July 8’s 105-degree day tied the record for highest temperature ever recorded for this area and beat the previous record of 103 set in 1977 for the date July 8.

Despite last Friday’s big thunder and wind event that sent two trees crashing down in the garden, July has been seriously hot and dry. That afternoon storm brought an hour of much needed rain, but the severe heat wave continued through the weekend. The heat wave finally broke on Monday leaving the area feeling noticeably cooler with highs in the mid-eighties, even bringing occasional, spotty showers.

Winter and spring were marked by abundant rainfall that left the garden lush and verdant. Rains stopped around mid-June while temperatures steadily rose. Early into July’s record-setting heat the garden responded by shutting down. Now rain is forecast for a couple of days.

Closing Out June — Yellowing, Browning, Wilting, Crisping

Despite many ominous indicators around the garden, Echinacea purpurea ‘White Swan’ cheerfully showed itself off in the new front garden.

Echinacea purpurea ‘White Swan’ (Coneflower)

I worry most about the shrubs and trees, which take so long to establish and are so expensive to replace. Inexplicably though, I spend the most time watering the Rudbeckia hirta ‘Irish Eyes,’ which is ever so close to blooming, and also the patch of annuals where this morning I discover the first zinnia flower of the summer. Last year’s ‘Blue Point’ Juniper hedge gets a reasonable amount of water.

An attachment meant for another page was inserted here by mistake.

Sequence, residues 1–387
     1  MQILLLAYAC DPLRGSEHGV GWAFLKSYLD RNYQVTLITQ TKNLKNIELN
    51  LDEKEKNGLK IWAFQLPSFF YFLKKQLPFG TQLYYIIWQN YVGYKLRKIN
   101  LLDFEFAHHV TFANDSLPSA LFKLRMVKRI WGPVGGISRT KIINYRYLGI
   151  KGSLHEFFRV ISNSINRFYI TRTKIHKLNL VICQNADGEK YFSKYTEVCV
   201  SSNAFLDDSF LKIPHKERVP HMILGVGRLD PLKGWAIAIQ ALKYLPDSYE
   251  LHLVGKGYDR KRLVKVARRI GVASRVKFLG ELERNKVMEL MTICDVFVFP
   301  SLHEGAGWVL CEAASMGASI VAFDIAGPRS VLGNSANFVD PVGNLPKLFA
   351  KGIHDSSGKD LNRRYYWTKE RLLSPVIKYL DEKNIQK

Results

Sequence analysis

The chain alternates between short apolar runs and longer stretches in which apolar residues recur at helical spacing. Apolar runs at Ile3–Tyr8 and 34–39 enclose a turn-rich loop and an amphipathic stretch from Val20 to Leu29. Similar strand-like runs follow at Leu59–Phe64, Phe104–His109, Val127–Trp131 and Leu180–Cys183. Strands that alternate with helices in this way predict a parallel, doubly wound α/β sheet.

Watering the garden is something I rarely do, but for two of the last three days I have entered the garden very early and dragged around a water hose, encouraging selected plants to deeply soak in as much as possible of this cool, wet offering in preparation for serious times ahead.

The garden’s situation is diminishing rapidly as no appreciable rain has fallen here in a few weeks. The temperature was 105°F. yesterday and today is 102°F. so far this mid-afternoon. (These days forecasts are frequently supplemented with the feels like number, so I must add it currently feels like 105°F. if one takes the heat index into account.)

How do the plants like it? Much of the Salvia guaranitica ‘Black and Blue’ is shriveled and no longer blooming. Shasta daisies are wilting, wilting, with many of the 4-foot stems simply flopping over. Other floppers include the northern border’s rosy Echinacea purpurea (Purple Coneflower), which tends to land askew, pushing anything nearby down as well.

Almost evergreen here most years, the foliage of German bearded iris is yellowing throughout the garden. [Those irises really need to be divided this year.] Tall fescue lawn never tolerates the summer well and is a crispy brown, receding visibly and opening up patches of hard, cracked earth where weeds are waiting to take hold.

The garden always holds some measure of optimism. Just as I had begun to worry about it, thyme in the meditation circle (Thymus x citriodorus (Silver Edge Thyme)) presented a tiny little bloom yesterday. And today’s early morning walk around the meditation path was peaceful and full of sighs.

Thymus x citriodorus (Silver Edge Thyme)

Since starting to write this article our neighborhood lost electricity due to the demands from the serious heat wave. After 45 minutes it has come back on. Other neighbors across the highway were without power for 4 hours.